Speaker: Rosemary H. Balsam FRC, Psych, MRCP
Discussant: Michelle Stephens, PhD
Since the decline of Freud’s instinct theory, the roles of sex, the body, and the implied passionate experience of lust in psychic life have lost their centrality in theory and thus in clinical cachet. How can we view this? Perhaps in the old days, lust was assumed to be more urgent and knowable, and thus more dramatic in its absence. Examples from modern case vignettes will be compared to snippets from the letters of young Sigmund and Martha Freud, James and Nora Joyce, and a Shakespeare sonnet. Together these materials will be used to contemplate what may be gained and lost in an old-fashioned, Oedipally-inflected drive theory approach to such associative materials, as compared to a more modern, object relational and preoedipal perspective.
Rosemary H. Balsam, F.R.C.Psych (Lond), M.R. C. P. (Edin), is a psychiatrist originally from Belfast, N. Ireland. She is an Associate Clinical Professor of Psychiatry in the Yale Medical School, staff psychiatrist in the Yale Department of Student Mental Health and Counseling, and a Training and Supervising Analyst at the Western New England Institute for Psychoanalysis, New Haven, Conn. Her special interests are gender development, young adulthood, the place of the body in psychic life, the work of Hans Loewald, and teaching. She has written award winning papers and books, lectured in the United States and abroad, and was a National Woman Traveling Psychoanalytic Scholar for APsaA. She is on the editorial boards of Psychoanalytic Quarterly and Imago, and co-edits the Book Review Section of JAPA. Her most recent book is: Women’s Bodies in Psychoanalysis (2012, Routledge).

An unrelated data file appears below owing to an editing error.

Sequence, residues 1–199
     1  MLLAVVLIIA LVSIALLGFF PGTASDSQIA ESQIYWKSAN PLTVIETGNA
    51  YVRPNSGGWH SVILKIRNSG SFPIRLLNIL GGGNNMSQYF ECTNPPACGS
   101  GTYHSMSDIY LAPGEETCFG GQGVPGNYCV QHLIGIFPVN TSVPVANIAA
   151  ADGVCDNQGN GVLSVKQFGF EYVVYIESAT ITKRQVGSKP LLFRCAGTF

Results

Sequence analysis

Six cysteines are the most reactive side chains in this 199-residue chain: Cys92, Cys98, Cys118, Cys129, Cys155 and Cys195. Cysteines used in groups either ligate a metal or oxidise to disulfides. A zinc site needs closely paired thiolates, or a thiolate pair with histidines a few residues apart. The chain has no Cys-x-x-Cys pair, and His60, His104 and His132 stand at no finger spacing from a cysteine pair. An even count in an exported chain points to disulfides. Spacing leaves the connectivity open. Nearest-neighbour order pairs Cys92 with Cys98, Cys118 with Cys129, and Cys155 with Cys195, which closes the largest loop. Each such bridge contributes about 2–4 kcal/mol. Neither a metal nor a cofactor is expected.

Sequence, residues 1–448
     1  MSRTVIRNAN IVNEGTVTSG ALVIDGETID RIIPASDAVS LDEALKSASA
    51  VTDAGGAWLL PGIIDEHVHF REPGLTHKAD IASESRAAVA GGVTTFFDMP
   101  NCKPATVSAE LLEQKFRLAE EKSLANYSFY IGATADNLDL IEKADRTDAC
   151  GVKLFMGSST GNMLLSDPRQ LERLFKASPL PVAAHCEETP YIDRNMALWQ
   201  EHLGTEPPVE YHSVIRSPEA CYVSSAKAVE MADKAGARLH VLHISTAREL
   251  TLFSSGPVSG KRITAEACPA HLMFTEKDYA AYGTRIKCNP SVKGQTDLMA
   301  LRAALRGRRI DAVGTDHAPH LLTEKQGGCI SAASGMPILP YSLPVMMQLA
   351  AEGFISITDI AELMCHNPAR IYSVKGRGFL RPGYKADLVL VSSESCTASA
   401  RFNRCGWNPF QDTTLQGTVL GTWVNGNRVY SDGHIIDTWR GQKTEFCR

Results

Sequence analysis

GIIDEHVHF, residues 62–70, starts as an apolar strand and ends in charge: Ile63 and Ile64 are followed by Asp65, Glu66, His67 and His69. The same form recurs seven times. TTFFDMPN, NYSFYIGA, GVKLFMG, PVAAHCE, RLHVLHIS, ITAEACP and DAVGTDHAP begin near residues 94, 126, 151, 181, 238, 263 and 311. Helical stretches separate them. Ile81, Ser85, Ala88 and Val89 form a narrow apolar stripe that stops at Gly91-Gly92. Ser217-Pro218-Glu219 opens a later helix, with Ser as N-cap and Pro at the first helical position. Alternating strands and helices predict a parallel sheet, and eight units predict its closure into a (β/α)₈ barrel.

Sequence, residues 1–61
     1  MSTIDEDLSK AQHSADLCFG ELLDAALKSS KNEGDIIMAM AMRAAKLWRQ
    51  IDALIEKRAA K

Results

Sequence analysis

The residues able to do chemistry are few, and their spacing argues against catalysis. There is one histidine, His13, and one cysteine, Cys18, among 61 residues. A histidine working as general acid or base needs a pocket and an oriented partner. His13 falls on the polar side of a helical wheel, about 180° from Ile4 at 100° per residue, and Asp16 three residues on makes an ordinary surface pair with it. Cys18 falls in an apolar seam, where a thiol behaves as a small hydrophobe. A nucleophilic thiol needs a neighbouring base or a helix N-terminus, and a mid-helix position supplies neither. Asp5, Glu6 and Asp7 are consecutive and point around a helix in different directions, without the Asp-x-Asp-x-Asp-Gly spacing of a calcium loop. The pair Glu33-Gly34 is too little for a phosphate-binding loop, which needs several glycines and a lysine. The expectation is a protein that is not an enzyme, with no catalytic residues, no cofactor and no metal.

A link to a recent lecture at the School for Visual Arts, New York: “The Pregnant Body Through the Looking Glass of Psychoanalysis or, What has Motherhood Got to Do With It?” https://www.youtube.com/watch?v=05B3gNcVKFI
Michelle Stephens teaches in the Departments of English and Latino and Caribbean Studies at Rutgers University, New Brunswick and is the current Chair of the Department of English. Originally from Jamaica, West Indies, she graduated from Yale University with a Ph.D. in American Studies. She teaches undergraduate courses in African American, American, Caribbean and Black Diaspora Literature and Culture and graduate courses in race and psychoanalysis. She is the author of Black Empire: The Masculine Global Imaginary of Caribbean Intellectuals in the United States, 1914 to 1962 (2005) and Skin Acts: Race, Psychoanalysis and The Black Male Performer (2014). She is a 2016 graduate of the Licensure Qualifying Program at the William Alanson White Institute of Psychiatry, Psychoanalysis and Psychology.